Head Start at Douglass Community Services to provide grief training to teachers, staff


HANNIBAL, Mo. — Sometimes when a young child is grieving, it’s difficult to know how to help.

That’s why Head Start at Douglass Community Services, which cares for children from birth to 5 years old, will be participating in grief sensitivity training. 

Faith Car, director of Head Start at Douglass Community Services, applied for the grant. She said helping children through grief is an important part of their work.

“Children need ongoing support when they are experiencing grief,” Car said. “We have had children lose parents, siblings or other close family members. Teachers who have training in how to support these children play a critical role in that support. This training will provide the tools and information teachers need to help both their students and the families we serve cope with these losses.” 

Car said grief isn’t limited to people who lost someone. For young children, it can mean divorce, the loss of favorite family pet and other things.  

“We have had a lot of trauma-sensitive training lately, and one of the things shown through research is children can be affected by things going on around them,” Car said. “I think we fail to understand this stuff does affect young children, even though they don’t express it right off the bat.”

Car said when children act out, it can be a sign something is wrong — but often they withdraw.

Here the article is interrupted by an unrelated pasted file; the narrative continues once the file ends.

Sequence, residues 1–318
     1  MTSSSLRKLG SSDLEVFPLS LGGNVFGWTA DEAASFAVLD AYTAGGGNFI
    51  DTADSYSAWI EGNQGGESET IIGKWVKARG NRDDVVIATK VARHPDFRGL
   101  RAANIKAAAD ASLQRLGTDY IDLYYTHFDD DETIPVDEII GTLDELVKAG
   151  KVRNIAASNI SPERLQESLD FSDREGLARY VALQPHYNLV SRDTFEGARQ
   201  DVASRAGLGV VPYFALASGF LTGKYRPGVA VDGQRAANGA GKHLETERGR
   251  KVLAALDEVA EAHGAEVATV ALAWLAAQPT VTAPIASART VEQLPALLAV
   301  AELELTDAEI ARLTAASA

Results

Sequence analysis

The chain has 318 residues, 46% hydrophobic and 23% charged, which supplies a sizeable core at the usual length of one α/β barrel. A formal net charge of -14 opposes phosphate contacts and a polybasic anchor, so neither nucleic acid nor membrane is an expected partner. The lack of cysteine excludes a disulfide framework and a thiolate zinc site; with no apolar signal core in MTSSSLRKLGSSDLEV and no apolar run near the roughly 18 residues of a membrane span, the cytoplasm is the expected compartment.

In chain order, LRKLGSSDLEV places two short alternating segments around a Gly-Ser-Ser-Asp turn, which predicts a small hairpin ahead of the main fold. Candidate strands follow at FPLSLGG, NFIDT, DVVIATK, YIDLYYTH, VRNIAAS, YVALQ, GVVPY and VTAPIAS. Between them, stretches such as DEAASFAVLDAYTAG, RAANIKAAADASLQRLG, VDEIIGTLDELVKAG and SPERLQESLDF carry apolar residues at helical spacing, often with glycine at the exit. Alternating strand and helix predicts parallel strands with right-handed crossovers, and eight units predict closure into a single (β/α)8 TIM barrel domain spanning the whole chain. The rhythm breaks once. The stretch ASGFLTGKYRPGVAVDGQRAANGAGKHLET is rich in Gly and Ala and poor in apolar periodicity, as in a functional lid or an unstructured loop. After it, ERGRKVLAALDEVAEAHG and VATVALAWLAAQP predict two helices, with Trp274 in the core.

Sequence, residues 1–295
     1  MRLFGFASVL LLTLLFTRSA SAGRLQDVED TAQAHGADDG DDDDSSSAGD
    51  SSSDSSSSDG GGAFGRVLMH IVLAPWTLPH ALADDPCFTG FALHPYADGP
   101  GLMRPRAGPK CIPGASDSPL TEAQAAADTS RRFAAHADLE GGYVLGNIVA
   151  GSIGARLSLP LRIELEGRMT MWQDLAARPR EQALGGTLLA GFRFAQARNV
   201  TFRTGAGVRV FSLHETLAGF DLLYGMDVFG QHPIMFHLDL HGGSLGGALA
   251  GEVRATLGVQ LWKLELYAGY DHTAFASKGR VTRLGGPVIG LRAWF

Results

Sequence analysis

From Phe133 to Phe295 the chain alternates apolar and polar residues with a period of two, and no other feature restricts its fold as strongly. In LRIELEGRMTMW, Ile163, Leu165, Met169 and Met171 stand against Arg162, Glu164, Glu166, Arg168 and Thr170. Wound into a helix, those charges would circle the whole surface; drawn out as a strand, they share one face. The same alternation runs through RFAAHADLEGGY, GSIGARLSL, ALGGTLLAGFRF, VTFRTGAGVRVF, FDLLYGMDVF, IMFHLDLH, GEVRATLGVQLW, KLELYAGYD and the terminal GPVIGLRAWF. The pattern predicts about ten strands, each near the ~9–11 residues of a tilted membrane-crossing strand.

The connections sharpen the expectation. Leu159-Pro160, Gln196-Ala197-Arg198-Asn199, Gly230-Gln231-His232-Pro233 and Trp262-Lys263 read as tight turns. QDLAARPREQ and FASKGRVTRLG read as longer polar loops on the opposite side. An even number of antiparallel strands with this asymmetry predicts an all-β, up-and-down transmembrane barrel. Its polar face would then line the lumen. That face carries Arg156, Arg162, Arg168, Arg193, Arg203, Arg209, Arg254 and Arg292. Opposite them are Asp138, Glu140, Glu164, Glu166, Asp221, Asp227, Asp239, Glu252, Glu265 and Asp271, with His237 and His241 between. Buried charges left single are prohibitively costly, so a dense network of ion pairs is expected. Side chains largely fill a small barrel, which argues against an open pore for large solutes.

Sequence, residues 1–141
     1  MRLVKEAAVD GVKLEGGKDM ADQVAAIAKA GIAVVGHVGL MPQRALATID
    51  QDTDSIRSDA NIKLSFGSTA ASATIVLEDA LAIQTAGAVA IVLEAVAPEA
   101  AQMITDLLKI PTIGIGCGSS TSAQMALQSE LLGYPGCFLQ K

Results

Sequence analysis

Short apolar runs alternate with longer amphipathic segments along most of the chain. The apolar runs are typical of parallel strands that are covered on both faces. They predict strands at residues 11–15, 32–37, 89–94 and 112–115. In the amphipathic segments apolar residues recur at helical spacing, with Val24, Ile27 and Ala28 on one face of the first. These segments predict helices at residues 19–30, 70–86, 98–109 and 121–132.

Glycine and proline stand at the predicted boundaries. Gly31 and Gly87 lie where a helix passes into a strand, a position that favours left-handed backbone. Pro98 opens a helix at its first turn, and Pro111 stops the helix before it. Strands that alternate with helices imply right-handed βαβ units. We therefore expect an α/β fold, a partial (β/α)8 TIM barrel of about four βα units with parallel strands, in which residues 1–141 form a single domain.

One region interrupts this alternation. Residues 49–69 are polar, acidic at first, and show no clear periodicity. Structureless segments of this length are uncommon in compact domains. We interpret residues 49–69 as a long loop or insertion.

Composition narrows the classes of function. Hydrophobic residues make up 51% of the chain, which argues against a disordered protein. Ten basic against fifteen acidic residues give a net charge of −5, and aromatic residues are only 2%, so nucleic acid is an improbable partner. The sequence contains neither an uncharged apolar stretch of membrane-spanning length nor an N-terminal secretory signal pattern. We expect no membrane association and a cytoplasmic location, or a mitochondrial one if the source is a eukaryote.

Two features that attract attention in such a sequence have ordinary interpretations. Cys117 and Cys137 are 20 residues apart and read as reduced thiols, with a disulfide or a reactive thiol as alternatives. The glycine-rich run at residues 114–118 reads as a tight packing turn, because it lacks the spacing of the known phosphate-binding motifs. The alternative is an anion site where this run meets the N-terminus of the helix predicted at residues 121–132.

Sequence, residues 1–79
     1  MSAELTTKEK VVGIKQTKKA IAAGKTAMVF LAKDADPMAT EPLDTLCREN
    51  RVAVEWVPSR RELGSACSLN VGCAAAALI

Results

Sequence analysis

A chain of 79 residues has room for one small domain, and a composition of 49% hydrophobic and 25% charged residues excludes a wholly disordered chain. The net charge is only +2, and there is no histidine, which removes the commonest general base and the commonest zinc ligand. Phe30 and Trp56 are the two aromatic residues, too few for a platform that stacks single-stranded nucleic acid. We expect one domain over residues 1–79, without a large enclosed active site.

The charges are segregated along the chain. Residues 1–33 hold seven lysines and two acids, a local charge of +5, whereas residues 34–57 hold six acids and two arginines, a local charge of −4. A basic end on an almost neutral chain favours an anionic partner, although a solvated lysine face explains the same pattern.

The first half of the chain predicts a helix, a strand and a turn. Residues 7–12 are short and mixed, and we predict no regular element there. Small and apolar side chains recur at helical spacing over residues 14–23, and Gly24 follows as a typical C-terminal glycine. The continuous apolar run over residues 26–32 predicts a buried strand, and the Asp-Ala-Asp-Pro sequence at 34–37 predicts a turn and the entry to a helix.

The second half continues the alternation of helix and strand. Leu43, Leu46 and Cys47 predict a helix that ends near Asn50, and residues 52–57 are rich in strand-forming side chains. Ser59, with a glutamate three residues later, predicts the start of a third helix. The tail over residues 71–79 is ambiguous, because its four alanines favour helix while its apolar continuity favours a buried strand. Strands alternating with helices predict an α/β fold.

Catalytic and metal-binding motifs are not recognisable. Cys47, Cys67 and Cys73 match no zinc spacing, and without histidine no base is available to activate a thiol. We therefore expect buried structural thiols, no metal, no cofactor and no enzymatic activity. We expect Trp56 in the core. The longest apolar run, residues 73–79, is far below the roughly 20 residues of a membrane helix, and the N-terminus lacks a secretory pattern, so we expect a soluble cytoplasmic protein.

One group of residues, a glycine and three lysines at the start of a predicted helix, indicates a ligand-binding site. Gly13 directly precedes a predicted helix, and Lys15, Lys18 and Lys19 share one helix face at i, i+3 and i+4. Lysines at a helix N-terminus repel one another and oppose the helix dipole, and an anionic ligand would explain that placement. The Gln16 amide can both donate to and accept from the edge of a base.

Dr. Tashel Bordere with the University of Missouri will hold a training on Zoom on March 6 for Head Start teachers and staff. Car said Head Start is looking at an in-person follow-up training next year. 

The two-year grant, called the SHED (Surviving, Healing, Evolving through Death and Loss), was funded by the New York Life Foundation and the National Alliance for Grieving Children.

The program will help education professionals by providing tips, tools and resources for understanding, identifying and addressing children’s grief. All program participants will receive additional resources for addressing childhood grief, such as books for varying ages and information packets. Car said these tips and trainings can be passed along to help families.

“We don’t always know the right words to say or have the right story to read that would really help the child cope,” Car said. “If you know that is happening, then these stories could be in the classroom, because children aren’t always open to talking about it. Sometimes they need a book or a puppet or something to get them to express what they are feeling.”

Douglass Community Services offers early childhood education at 20 sites throughout Northeast Missouri. 

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